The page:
AO: Al Oikari, Keyboards
TV: Terry VanDeWalker, Drums
AM: Andy Miller, Bass
CC: Chris Castino, Guitar
John Zinkand: What’s new with the band?
AO: What's new is that we're touring again at the breakneck pace that we're used to. Last year we didn't tour quite as much as we usually have done. I guess that's the newest thing. We're on the road now and we're happy about it.
TV: I have a new baby, that's new.
JZ: Congratulations! I saw that on the band’s website. His name’s Bodhi?
TV: Yes. Bodhi James VanDeWalker.
JZ: And what are the band’s goals for 2003?
TV: We're talking about putting out a live record. That's one, and then maybe talking about another studio record….maybe. That's, I dunno, kinda later. The tail end of this year maybe.
JZ: And what are your thoughts on making a record after all the problems with Phoenix Records? As a band you went into debt because of them going out of business. Does that change how you feel about making albums?
TV: We got out of the trouble. I feel the same. You know, somebody's gotta pay for the album. So we went to some of our people and used our money for it since a lot of our money was still tied up in Phoenix. But we cleaned it up and now we have everything back and we have our own Bivco logo on it. It looks like it's ours again. But yeah, 2002 was a little hard for us. But we need to get a new album out so people can hear the new sound of the band as a four piece.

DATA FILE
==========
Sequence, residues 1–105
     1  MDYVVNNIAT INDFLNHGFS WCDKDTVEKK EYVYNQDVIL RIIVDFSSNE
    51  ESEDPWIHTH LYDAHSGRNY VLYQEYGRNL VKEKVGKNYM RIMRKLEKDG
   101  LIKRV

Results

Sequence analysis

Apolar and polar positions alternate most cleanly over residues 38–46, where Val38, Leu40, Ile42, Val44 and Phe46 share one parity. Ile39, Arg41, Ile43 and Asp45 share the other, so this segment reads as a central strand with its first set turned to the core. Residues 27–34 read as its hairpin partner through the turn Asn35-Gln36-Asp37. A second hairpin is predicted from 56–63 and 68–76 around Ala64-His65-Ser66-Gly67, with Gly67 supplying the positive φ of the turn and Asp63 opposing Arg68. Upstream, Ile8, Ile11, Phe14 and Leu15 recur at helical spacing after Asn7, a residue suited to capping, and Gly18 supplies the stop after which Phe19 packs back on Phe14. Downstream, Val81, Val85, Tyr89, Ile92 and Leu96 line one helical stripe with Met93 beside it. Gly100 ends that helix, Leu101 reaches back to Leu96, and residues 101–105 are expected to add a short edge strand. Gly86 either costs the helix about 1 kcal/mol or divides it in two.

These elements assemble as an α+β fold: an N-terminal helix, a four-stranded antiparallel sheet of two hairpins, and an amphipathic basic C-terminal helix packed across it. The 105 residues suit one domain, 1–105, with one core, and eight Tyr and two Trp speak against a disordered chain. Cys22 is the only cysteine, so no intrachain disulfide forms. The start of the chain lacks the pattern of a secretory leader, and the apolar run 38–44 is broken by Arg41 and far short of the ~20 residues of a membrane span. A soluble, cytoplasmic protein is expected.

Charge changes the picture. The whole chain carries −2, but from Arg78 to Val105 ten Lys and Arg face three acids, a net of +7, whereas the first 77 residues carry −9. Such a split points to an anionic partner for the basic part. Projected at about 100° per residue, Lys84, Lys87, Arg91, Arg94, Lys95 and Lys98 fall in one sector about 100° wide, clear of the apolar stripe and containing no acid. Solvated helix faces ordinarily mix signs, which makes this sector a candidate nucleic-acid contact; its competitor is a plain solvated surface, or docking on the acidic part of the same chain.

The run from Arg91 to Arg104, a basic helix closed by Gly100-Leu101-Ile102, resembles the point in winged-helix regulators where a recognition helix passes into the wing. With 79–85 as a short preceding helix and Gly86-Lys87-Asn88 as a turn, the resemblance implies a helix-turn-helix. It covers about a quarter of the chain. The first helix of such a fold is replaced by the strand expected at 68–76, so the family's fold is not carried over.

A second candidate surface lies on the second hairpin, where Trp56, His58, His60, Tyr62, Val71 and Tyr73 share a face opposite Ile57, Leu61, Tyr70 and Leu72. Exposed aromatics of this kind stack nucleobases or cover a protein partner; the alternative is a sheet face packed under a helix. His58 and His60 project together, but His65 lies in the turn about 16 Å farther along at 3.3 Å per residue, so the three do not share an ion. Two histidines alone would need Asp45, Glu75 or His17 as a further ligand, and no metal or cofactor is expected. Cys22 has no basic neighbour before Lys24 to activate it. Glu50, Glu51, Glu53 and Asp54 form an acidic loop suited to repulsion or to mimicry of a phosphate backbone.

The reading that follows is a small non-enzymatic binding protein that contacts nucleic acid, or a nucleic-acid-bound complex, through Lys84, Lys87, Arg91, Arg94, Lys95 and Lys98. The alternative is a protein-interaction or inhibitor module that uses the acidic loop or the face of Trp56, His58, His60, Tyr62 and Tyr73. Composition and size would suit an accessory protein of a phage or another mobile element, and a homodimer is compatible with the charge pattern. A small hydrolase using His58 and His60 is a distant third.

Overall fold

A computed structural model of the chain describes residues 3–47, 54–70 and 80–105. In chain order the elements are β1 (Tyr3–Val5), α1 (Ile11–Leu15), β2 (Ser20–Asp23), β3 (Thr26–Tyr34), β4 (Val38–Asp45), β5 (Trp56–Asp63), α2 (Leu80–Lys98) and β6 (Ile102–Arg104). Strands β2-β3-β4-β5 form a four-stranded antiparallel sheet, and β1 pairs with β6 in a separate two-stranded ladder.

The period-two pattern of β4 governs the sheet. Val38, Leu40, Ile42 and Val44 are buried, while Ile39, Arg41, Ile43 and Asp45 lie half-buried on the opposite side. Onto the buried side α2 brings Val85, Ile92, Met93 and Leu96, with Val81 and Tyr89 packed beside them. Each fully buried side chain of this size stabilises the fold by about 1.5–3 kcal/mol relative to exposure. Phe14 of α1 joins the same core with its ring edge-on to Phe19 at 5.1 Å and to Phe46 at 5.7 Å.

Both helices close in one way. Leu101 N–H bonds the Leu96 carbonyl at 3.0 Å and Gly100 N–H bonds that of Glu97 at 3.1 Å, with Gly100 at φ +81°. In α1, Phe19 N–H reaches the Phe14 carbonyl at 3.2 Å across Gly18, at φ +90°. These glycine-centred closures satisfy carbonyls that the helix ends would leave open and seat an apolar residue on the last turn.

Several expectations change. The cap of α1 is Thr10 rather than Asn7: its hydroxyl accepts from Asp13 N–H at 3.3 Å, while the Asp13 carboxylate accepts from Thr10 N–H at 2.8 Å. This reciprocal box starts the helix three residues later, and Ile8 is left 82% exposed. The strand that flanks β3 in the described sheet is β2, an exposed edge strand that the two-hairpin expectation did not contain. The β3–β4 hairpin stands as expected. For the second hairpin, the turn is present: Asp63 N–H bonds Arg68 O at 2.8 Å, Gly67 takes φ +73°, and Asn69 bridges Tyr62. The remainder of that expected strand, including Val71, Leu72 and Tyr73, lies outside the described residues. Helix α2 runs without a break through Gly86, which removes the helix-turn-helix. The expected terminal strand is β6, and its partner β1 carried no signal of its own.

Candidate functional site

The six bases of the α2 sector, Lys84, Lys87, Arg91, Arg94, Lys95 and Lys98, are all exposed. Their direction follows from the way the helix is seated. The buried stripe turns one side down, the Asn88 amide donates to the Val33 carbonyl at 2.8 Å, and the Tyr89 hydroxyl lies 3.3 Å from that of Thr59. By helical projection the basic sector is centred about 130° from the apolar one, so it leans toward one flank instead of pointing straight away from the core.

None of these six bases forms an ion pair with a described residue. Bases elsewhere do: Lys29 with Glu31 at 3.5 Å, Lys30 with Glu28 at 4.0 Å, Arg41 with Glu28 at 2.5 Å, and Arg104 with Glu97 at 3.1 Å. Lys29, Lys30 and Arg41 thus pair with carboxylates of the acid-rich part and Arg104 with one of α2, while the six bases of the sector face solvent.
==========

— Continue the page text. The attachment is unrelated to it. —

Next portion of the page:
AO: We're probably looking at Fall or even the early part of Winter to do the recording because I think between now and the late Fall at least, we're going to be doing a lot of touring. But that's what's nice about the new tunes coming down the pike, these will be a batch that are written specifically for this line-up as opposed to relying on the two guitar attack, so we're excited to see where those songs go.
JZ: And do you feel you’re finding the cohesion yet as a new four piece band?